This year's tornado season is now tied for the fifth deadliest on record. That ranking could climb even higher by the year's end, one meteorologist said.
"It's possible that by the end of the year we'll be the second deadliest on record," said meteorologist Harold Brooks, of the National Severe Storms Laboratory, in a press briefing on June 15.
So far this tornado season, the death toll stands at 537, making it the deadliest year for tornadoes since 1936, according to preliminary data from the Storm Prediction Center. Tornadoes also killed 537 people in 1896. [Related: The Top 5 Deadliest Tornado Seasons.]
The top five ranking was passed when officials recently reported that the monstrous tornado that hit Joplin killed 151 people. That tornado was classified as an EF-5, the most intensely damaging on the Enhanced Fujita tornado damage scale. The Joplin tornado is the deadliest single twister to strike the United States since 1953, when a tornado killed 116 people in Flint, Mich., according to National Oceanic and Atmospheric Administration (NOAA).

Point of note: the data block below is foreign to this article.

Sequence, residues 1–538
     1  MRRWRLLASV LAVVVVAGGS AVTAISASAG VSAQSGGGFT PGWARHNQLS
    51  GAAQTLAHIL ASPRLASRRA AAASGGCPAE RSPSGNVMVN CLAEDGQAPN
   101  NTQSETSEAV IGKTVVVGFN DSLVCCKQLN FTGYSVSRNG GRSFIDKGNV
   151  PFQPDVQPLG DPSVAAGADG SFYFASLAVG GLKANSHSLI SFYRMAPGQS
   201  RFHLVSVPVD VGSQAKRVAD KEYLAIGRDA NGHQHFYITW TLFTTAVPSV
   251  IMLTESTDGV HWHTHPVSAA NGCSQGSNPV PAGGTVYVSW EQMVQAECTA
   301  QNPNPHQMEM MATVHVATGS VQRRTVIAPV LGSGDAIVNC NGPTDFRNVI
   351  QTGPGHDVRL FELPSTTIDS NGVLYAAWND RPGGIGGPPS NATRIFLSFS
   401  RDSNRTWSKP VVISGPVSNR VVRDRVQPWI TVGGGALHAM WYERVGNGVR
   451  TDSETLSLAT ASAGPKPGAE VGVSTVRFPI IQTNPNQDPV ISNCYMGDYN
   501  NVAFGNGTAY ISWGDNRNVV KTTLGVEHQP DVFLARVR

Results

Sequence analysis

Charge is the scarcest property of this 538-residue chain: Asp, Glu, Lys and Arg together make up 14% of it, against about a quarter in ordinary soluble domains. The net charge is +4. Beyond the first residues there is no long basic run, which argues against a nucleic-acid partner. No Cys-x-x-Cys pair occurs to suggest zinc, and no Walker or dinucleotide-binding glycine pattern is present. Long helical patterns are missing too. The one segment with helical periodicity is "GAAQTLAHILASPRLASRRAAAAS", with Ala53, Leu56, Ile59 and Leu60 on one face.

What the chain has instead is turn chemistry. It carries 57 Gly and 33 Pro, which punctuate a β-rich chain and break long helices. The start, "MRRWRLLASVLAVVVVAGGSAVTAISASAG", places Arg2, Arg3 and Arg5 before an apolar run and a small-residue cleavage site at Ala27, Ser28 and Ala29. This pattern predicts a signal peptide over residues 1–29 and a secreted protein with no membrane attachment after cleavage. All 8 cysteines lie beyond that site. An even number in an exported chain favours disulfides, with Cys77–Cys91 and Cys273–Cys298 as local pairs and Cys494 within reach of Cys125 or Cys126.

The season has slowed down in June, which may be a sign that the second half of the season will be quieter. In years past, most of the tornado-related deaths happened by the middle of June, with very few deaths in the second half, Brooks said. Most of the post-June deaths occur in November, the so-called second tornado season.
Regardless of the final ranking, the death toll from the 2011 tornado season hasn't been seen in 75 years, and looks like a typical year prior to 1925, Brooks said, when tornado warnings were virtually non-existent. To compare this year's count to other recent years, in 2010, tornadoes killed 45 people in the United States, and in 2009, 21 people.
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